A wild lament broke from the audience, and a woman with a face bruised to a symphony in green, yellow, and black thus identified herself as the wife of the defendant, who stood vacantly turning his cap round in his hand, while sympathizing friends hurried her from the room. The poor creature probably knew that if in their late differences she had got more than she deserved, she had not got more than she had been willing to give, and was moved by this reflection. Other moralists, who do not like to treat woman as a reasonable being, may attribute her sorrow to mere blind tenderness, or hysterical excitement. I could not see that it touched the spectators in any way; and I suspect that, whatever was thought of her escape from a like fate, there was a general acquiescence in the justice of his.
He was either stunned by it, or failed to take it in, for he remained standing at the end of the table and facing the judge, till the policeman in charge took him by the arm and stood him aside. He sat down, and I saw him no more; but I had no time to regret him, for his place was instantly occupied by a person who stepped within the bar from the audience. I had already noticed him coming in and going out of the courtroom, apparently under strong excitement, and hovering about, now among the gentlemen of the bar, and now among friends in the audience. He had an excited and eccentric look, and yet he looked like a gentleman,—a gentleman in distress of mind; I had supposed that he could not be one of the criminal classes, or he would scarcely have been allowed so much at large. At the same time that he took his place he was confronted from the other end of the long table by a person whom I will call a lady, because I observed that every one else did so. This lady's person tended to fat; she had a large, red face, and I learned without surprise that she was a cook. She wore a crimson shawl, and a bonnet abounding in blossoms and vegetables of striking colors, and she had one arm, between the wrist and elbow, impressively swathed in linen; she caressed, as it were, a small water-pitcher, which I felt, in spite of its ordinary appearance, was somehow historical. In fact, it came out that this pitcher played an important part in the assault which the lady accused the gentleman at the other end of the table of committing upon her.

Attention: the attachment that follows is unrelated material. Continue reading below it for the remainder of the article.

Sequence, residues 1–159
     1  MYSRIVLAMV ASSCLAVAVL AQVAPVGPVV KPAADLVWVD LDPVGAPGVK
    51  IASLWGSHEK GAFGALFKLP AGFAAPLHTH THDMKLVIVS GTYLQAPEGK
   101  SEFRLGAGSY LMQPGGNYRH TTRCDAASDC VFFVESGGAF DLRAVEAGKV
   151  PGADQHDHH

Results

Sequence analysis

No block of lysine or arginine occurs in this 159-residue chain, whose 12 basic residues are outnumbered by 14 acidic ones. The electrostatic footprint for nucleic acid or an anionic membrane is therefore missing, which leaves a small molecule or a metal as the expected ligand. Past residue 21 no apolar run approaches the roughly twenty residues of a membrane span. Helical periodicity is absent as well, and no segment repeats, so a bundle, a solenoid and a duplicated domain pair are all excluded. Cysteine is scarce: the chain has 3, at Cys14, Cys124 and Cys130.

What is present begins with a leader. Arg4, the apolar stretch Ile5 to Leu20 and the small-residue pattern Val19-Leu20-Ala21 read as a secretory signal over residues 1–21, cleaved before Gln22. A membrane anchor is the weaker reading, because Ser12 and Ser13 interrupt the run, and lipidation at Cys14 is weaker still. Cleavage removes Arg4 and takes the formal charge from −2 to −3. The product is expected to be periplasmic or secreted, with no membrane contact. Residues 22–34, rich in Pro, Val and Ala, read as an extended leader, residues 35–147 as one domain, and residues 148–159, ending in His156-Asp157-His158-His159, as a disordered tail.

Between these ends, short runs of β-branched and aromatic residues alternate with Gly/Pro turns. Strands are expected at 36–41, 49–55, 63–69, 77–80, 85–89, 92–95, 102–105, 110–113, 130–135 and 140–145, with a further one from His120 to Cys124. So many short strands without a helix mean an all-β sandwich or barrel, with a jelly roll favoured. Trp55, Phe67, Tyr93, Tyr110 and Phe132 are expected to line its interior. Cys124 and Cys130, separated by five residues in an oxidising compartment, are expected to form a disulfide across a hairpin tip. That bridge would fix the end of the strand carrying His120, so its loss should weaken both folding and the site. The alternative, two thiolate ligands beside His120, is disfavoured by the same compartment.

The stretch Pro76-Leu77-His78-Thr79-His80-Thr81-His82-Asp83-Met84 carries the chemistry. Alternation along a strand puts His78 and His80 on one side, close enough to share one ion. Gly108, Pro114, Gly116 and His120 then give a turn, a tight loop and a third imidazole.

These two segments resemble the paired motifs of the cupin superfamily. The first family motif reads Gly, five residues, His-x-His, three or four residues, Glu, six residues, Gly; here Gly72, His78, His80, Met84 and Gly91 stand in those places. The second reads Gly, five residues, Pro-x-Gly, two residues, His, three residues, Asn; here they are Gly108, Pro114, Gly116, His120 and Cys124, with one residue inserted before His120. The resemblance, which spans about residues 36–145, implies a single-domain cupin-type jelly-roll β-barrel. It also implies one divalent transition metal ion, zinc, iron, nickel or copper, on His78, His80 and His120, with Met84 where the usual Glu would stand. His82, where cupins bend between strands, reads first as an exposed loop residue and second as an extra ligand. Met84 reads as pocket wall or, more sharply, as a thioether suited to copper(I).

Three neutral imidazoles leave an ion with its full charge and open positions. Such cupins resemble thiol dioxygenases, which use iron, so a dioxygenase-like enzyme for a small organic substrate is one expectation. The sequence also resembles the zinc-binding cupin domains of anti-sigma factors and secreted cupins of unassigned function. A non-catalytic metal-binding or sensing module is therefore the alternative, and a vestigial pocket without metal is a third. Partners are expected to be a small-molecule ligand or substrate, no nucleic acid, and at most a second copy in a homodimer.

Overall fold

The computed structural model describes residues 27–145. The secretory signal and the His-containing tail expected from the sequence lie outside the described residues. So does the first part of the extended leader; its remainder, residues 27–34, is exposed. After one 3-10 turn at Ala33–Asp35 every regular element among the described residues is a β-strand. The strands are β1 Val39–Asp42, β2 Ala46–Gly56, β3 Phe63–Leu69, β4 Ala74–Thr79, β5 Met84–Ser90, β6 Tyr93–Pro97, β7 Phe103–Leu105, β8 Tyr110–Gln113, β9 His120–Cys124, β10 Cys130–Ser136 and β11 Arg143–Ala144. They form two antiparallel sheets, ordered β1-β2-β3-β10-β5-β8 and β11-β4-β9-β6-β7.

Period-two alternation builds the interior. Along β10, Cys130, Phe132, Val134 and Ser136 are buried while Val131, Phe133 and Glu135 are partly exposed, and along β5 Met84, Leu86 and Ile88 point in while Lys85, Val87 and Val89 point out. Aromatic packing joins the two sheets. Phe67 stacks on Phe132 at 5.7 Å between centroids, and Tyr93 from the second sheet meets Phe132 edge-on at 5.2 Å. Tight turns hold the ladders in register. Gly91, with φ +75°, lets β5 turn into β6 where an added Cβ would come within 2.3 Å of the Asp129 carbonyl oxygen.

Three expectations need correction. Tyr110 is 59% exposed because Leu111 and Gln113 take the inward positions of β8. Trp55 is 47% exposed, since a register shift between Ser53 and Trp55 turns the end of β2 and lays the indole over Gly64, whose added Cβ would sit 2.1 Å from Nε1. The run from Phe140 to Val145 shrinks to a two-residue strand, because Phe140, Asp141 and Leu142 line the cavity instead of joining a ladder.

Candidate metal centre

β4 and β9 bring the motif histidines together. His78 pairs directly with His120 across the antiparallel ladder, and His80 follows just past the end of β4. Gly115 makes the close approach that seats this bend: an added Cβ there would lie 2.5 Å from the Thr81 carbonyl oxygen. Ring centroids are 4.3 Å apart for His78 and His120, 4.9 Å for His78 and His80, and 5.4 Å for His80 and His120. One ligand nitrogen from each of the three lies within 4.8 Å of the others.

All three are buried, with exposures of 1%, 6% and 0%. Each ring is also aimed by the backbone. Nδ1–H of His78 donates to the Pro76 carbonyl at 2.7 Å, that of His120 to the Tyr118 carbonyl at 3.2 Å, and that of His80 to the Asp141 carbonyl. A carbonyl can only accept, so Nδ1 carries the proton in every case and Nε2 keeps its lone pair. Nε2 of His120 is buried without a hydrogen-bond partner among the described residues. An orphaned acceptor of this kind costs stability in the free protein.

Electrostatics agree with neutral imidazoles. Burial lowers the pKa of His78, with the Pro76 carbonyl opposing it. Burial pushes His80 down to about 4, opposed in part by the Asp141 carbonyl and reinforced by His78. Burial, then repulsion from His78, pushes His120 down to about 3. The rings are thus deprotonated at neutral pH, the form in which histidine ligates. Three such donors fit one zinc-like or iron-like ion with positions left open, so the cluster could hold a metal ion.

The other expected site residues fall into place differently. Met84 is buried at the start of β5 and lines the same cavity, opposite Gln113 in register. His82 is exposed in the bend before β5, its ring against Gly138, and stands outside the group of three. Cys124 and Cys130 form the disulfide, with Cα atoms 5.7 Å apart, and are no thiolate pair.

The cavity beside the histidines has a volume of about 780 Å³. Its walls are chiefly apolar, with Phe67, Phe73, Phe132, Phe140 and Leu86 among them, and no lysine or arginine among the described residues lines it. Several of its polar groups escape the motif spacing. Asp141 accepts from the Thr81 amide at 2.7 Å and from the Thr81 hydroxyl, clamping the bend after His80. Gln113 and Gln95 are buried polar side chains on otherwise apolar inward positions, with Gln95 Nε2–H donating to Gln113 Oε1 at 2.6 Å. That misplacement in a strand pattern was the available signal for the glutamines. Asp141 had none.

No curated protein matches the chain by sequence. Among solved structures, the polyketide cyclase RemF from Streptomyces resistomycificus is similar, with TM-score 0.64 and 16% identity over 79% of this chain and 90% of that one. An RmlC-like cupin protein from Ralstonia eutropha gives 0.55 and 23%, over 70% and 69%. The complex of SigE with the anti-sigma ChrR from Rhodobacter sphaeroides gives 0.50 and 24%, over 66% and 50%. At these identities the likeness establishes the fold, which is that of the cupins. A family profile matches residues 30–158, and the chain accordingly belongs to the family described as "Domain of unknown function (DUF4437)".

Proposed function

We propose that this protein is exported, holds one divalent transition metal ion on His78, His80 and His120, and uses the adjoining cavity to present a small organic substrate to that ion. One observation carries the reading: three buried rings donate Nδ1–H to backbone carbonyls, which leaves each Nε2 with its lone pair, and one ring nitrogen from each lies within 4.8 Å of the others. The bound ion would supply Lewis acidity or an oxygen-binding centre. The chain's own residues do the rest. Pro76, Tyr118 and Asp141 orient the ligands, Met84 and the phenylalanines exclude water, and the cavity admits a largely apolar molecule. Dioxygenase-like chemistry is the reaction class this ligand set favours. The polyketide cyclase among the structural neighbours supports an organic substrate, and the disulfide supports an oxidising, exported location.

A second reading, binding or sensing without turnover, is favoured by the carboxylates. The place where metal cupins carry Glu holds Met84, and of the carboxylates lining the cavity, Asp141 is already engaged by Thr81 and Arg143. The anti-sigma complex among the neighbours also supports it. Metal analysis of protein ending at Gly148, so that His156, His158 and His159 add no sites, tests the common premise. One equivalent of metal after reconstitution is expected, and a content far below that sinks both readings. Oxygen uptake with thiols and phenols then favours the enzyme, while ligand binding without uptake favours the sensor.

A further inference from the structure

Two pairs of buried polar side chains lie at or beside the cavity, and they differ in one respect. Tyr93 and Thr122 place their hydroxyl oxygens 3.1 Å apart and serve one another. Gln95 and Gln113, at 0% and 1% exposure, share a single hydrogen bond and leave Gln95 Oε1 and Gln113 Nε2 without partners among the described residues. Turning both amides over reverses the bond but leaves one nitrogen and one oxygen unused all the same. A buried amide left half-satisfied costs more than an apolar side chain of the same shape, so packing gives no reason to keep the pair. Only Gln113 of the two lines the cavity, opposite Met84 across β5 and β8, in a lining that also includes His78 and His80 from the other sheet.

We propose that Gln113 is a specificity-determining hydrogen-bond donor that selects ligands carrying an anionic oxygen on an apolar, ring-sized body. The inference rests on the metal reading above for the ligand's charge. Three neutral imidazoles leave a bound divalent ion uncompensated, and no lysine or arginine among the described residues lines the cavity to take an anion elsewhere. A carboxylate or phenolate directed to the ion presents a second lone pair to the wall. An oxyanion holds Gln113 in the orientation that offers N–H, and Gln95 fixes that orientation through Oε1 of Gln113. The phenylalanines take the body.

It seemed from her story that the gentleman was a boarder in the house where she was cook, and that he was in the habit of intruding upon her in the kitchen against her will and express command. A week before (I understood that she had spent the intervening time in suffering and disability) she had ordered him out, and he had turned furiously upon her with an uplifted chair and struck her on the arm with it, and then had thrown at her head the pitcher which she now held in her hands. There were other circumstances of outrage, which I cannot now recall, but they are not important in view of the leading facts.
Further testimony in behalf of the plaintiff was offered by another lady, whose countenance expressed second-girl as unmistakably as that of the plaintiff expressed cook. She was of the dish-faced Irish type, and whereas the cook was of an Old World robustness, her witness had the pallor and flat-chestedness of the women of her race who are born in America; she preferred several shades of blue in her costume, which was of ready-made and marked-down effect. This lady with difficulty comprehended the questions intended to elicit her name and the fact of her acquaintance with the plaintiff, and I noticed a like density of understanding in most of the other persons testifying or arraigned in this court. In fact, I came to wonder if the thick-headedness of average uneducated people was not much greater than I had hitherto suspected, in my easy optimism. It was certainly inconceivable why, with intelligence enough to come in when it rained, the cook should have summoned this witness. She testified at once that she had not seen the assault, and did not know that the cook had been hurt; and no prompting of the plaintiff's counsel could inspire her with a better recollection. In the hands of the defendant's lawyer she developed the fact that his client was reputed a quiet, inoffensive boarder, and that she never knew of any displeasures between him and the cook.